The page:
ATX Power Supply Short Pins to Turn On Instructions

Use a desktop personal computer ATX-style PC desktop switching power supply anywhere you need 12 or 5 volts DC.  These power supply units (PSU) offer fairly well-regulated, well-filtered, and high current sources.  ATX PSUs make a decent bench supply.  So here, we offer ATX power supply short pins to turn on instructions.  These show which color wires on the PSU to short together to start the supply.

ATX Power Supply Short Pins to Turn On: The Problem

But the issue is: How do you turn on the power supply?  Unfortunately, you can’t just plug it in to an AC outlet and go.  In fact, inside the computer, power up is done via the motherboard.  It sends an activation signal to the supply whenever you press the  Power  button on and off.  So how do you create such a signal yourself without a computer?  We cover that below.

ATX Power Supply Short Pins to Turn On: The Solution

For most of these PC supplies on the market today, the motherboard communicates with the power supply module via the 20- or 24-pin cable that connects the two together.  To activate the full-current capable part of the power supply, the motherboard connects the pin with the green wire on it to ground.  You can do the same by manually connecting this green wire to any one of the black (ground) wires in the same connector.

How to Tell that the ATX Power Supply has Turned On

Most of these units contain at least one internal fan that will spin up when the high-current portion is energized.  If no fan, or the fan does not work, measure the voltage with a multimeter.  Indeed, you can read across any of the red, yellow, or orange wires and ground (black wires) for 5 and 12 volts.  A few supplies may even have a lamp to show that they’re running.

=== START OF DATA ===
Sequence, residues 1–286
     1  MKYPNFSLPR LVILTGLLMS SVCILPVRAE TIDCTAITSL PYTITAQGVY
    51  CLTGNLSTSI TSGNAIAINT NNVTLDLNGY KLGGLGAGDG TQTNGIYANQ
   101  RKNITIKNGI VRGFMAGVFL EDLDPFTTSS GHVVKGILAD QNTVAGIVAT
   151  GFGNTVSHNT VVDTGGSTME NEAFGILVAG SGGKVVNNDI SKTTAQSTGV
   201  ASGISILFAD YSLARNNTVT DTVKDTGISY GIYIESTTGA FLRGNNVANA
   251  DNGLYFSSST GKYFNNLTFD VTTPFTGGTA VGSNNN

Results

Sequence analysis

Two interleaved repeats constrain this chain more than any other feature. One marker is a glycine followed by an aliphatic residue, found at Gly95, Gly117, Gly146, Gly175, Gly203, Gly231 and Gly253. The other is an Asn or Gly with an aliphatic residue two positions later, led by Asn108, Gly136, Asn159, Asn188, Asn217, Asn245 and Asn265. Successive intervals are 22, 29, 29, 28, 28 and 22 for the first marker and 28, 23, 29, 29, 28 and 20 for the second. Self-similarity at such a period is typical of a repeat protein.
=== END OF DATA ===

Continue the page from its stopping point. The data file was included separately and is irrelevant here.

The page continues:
Verify that You Have an Adequately Sized Load

But before that, consider that unlike linear PSUs, many switching supplies need a minimal load to work well.  A load that draws one or two amps is often sufficient.  You can get this lost by connecting a computer fan to the 12-volt output.  The red and black wires of any of the accessory plugs offer 12 volts DC.  An  incandescent lamp also does the loading job nicely. But if you use the supply under constant load, then don’t worry about meeting these minimal load needs. Your constant load does that automatically.  E.g. We powered a 5-volt WiFi router with an ATX PSU.  It indeed worked quite well, without adding any minimal load.

I’ve also powered radios and iPods with said power supplies, and charged batteries as well.  Since computer power modules cost little these days, they make great DC voltage sources.  That is, they do as long as the load you put on them draws enough current, but not too much.

ATX Power Supply Short Pins to Turn On: Cautions and Warnings

We advise against plugging any expensive ham radio gear or sensitive electronics into these PSUs for long.   Especially true if your PSU makes lots of RF hash noise on its output lines.  This is a common trait of switching power supplies, particularly those of cheap design. While we use computer PSUs in a pinch, these adapters work best with computers and other IT equipment. But not so much other non-IT equipment, especially when powering these devices indefinitely.

So connect up an ATX PSU at your own risk.  But honestly, if you do it right, the risks of damage to load devices is pretty low.  We’ve yet to destroy any 12 or 5 volt devices.

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References

Revision History

  • 2019-02-22: Added key phrase targeting, a References section, more tags, and fixed some typos.
  • 2015-12-06: Added appropriate tags.
  • 2014-12-27: Tweaked content.
  • 2012-08-12: Originally published.